IIUC Notes – Inbound Dial Peer Matching

More IIUC notes.  As always, feel free to correct as needed.

To match inbound calls to a dial peer, CME (and CUCM?) uses the following steps.

  1. Match DNIS (the dialed number) with the incoming called-address config in the dial peer
  2. Match the ANI (the calling number or caller ID) with the answer-address config in the dial peer
  3. Match the ANI with the destination-pattern config in the dial peer
  4. Match an incoming POTS call to the port config in the dial peer
  5. Match dial peer 0

Matching dial peer 0 is bad, and it took me an inquiry on Twitter and a buddy to realize why.  Here are a few highlights as to why.  I believe the full scope of the badness of dial peer 0 is really beyond the IIUC exam.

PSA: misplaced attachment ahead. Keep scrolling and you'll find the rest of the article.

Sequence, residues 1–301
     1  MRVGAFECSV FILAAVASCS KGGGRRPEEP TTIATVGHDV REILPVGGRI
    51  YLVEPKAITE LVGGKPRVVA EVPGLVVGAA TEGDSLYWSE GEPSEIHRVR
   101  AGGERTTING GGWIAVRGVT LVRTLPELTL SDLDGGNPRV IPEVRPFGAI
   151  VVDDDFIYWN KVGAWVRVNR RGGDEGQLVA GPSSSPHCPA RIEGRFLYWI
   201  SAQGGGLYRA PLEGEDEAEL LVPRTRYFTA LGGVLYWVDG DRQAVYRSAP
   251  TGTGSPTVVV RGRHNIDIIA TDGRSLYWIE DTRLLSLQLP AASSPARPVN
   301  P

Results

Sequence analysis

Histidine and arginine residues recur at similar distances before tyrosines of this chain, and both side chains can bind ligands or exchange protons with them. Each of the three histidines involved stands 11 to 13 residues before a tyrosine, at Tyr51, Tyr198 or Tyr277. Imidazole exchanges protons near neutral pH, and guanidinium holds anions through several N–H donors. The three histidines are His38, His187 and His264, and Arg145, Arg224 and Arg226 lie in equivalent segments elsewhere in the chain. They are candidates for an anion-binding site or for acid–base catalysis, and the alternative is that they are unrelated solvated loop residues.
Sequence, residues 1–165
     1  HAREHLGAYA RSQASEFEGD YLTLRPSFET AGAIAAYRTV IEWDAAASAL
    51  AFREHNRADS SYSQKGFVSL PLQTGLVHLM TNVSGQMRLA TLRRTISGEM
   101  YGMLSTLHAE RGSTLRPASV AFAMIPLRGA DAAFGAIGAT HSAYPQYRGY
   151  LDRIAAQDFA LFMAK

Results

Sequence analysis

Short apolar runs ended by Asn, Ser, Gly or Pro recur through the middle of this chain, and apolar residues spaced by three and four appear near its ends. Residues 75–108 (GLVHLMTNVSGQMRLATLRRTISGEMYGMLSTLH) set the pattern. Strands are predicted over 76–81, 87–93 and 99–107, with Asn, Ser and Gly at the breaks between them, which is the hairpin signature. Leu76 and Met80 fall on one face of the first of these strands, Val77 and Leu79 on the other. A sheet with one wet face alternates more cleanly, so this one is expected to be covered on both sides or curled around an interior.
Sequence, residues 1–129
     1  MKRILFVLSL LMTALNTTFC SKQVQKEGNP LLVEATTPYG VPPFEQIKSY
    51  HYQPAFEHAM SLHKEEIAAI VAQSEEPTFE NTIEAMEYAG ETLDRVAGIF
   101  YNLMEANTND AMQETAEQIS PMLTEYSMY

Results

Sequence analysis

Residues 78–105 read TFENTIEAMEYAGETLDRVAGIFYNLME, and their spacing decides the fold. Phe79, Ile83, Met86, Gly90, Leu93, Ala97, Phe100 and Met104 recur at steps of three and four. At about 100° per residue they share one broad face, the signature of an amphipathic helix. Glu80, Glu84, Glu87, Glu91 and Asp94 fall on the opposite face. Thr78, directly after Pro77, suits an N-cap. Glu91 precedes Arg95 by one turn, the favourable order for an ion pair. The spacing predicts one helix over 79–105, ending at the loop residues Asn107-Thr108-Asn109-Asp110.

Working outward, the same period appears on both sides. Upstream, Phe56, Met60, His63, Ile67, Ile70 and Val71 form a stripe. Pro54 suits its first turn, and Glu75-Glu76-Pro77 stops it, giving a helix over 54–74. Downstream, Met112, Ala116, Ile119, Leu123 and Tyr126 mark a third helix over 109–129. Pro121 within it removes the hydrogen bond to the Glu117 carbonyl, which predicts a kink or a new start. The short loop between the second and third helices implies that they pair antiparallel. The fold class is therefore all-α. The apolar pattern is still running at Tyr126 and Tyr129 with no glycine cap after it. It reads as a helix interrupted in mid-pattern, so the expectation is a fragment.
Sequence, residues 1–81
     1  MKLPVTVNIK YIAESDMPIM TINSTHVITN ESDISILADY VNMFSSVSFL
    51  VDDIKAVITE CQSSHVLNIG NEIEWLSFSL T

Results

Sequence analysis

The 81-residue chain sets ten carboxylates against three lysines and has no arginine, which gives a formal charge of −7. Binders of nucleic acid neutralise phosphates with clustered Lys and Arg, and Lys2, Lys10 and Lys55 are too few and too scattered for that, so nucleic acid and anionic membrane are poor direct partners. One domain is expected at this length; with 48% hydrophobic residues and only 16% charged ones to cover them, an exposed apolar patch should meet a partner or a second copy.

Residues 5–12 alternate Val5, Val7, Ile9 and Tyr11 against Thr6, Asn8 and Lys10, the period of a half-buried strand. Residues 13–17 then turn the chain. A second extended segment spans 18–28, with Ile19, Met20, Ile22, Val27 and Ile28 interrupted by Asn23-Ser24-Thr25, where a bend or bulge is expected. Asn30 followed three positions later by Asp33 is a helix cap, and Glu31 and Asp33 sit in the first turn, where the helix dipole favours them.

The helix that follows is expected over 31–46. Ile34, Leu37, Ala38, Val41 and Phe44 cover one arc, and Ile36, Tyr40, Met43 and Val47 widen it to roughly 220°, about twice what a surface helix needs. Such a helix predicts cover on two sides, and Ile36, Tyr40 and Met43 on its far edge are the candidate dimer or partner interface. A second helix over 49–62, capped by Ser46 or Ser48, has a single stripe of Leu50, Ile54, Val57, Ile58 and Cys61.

1. It takes whatever codec is sent to it and can't be hard-coded.
  2. DTMF is sent in the audio stream, so, if you wind up with a G.729 or other highly-compressed codec, you may have problems getting DTMF across successfully.
  3. IP precedence values are stripped out of the packets, so it's just plain data now.
  4. RSVP is disabled.
  5. No application support, so you can't do IVR.  [Will AA work?]
  6. No DID support.  This means the wife can't dial your desk with your published number.

Aaron Conaway

I shake my head around sometimes and see what falls out. That's what lands on these pages.

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2 comments for “IIUC Notes – Inbound Dial Peer Matching

  1. August 16, 2011 at 11:51 am

    Franky, I don’t care if your wife can call me or not 🙂

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